Scott "Scooter" Yoak will be making his Battle Creek debut in 2018 in the beautifully restored P-51D Mustang "Quick Silver".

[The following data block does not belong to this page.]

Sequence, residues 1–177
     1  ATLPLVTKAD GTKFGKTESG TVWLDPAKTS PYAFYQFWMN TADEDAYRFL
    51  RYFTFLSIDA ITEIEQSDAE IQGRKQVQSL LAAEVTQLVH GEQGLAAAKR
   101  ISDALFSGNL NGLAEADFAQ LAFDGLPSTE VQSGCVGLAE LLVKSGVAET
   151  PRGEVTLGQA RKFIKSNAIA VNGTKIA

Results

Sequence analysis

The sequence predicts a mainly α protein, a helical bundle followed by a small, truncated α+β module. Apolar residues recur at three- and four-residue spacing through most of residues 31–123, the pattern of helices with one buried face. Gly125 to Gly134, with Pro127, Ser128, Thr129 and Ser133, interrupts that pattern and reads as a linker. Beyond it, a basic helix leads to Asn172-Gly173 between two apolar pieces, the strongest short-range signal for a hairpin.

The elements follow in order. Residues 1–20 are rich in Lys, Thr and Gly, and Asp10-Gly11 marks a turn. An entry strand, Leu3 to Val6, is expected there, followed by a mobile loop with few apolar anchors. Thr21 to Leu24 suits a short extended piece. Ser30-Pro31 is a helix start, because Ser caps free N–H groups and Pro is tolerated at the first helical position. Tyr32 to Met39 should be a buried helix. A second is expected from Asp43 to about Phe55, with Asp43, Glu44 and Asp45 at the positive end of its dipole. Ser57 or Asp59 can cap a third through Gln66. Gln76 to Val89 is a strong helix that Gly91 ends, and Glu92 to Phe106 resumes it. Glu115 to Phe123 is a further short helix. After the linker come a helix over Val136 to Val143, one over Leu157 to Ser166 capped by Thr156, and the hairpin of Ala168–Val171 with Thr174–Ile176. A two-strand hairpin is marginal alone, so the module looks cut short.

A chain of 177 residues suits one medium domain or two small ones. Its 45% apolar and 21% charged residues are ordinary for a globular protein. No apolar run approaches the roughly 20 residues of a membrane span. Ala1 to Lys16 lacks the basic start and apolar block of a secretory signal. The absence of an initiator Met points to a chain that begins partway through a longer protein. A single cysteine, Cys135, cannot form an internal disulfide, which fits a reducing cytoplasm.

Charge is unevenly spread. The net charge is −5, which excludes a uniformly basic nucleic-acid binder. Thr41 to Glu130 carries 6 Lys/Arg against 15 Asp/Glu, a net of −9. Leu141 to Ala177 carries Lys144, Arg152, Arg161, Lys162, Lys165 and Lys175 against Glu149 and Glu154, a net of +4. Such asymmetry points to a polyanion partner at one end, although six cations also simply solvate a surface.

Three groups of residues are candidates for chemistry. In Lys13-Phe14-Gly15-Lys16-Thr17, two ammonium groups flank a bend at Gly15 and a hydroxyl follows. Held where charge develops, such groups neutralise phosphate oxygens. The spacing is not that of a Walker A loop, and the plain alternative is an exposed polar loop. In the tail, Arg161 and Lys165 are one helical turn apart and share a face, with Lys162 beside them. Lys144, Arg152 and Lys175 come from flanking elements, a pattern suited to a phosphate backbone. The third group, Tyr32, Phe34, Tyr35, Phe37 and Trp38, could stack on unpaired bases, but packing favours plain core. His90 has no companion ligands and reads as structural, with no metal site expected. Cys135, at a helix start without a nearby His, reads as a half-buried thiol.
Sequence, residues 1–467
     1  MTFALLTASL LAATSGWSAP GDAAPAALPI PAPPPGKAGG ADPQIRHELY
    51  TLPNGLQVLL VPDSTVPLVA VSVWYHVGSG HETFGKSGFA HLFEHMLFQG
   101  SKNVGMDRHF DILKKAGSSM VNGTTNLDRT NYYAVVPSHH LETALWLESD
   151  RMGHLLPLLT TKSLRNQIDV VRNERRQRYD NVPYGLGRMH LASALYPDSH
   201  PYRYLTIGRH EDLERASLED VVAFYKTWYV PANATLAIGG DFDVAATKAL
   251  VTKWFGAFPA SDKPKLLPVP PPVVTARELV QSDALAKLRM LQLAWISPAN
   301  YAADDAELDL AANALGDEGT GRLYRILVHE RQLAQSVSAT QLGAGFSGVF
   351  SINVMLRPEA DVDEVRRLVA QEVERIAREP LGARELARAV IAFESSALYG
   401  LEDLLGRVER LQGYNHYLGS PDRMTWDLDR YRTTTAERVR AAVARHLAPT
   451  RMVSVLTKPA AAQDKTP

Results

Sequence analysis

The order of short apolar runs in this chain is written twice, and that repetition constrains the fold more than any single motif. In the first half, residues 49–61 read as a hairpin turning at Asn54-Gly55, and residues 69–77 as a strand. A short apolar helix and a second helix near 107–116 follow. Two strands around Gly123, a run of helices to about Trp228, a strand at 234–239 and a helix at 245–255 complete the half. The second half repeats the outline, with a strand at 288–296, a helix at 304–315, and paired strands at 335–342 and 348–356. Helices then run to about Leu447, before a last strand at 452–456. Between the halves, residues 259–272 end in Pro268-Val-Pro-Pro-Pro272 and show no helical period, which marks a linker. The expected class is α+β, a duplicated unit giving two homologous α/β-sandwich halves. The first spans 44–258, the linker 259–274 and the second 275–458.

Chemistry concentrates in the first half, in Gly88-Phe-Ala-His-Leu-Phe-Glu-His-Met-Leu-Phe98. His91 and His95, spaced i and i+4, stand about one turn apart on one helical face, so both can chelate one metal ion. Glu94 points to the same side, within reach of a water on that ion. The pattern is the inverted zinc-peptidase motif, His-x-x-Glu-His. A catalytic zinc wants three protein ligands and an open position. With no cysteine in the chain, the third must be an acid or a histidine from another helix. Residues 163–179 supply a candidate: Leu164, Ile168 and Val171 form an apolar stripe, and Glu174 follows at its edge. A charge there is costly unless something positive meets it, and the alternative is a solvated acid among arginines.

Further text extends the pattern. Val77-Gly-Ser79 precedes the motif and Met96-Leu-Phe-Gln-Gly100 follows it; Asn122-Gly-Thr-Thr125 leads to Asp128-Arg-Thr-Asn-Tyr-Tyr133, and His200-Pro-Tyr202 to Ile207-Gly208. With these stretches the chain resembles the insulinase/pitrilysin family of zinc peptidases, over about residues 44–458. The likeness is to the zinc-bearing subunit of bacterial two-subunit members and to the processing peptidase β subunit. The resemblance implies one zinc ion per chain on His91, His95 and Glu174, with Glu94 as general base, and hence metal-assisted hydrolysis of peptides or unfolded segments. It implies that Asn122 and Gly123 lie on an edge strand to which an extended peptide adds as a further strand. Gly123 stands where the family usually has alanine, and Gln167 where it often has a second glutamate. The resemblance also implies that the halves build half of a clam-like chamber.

"Quick Silver" is looked at as "The Resurrected Veteran". The P-51 Mustang itself is one of the most famous aircraft of World War II, and is known today as one of the most celebrated fighters of all time. The P-51 is a celebration of our nation's armed forces. Every aspect of the paint on "Quick Silver" represents those who have served, and those who gave the ultimate sacrifice. From the cape and veil that represent freedom and the eagle that has flown with every aviator; to the black paint with tiny sparkling stars that represents the American Veteran that served our great country. The silver ring behind the spinner represents the shining halo of the guardian angel that guides service, those that gave the ultimate sacrifice, to their final resting place. The black and white invasion stripes on the wing represent the markings that were on all allied aircraft on D-Day. "Quick Silver" also showcases the post war version of the stars and bars, which represent the Armed Forces. All United States Fighter planes carry the symbol, and "Quick Silver" carries the post war version because it was never a part of a unit until after World War II. All the bare metal of the P-51 is polished, that way you can look closely into it, see your reflection and see for whom our veterans fought. The late Bill Yoak (Scott's father), an individual with a love and passion for this type aircraft did all of the metal work. The re-manufactured parts are handmade. Unlike the hurried war effort parts, these are made with the skill and care of a master craftsman, and obtain the utmost attention to detail necessary to restore this Mustang to a condition better than factory new in 1945.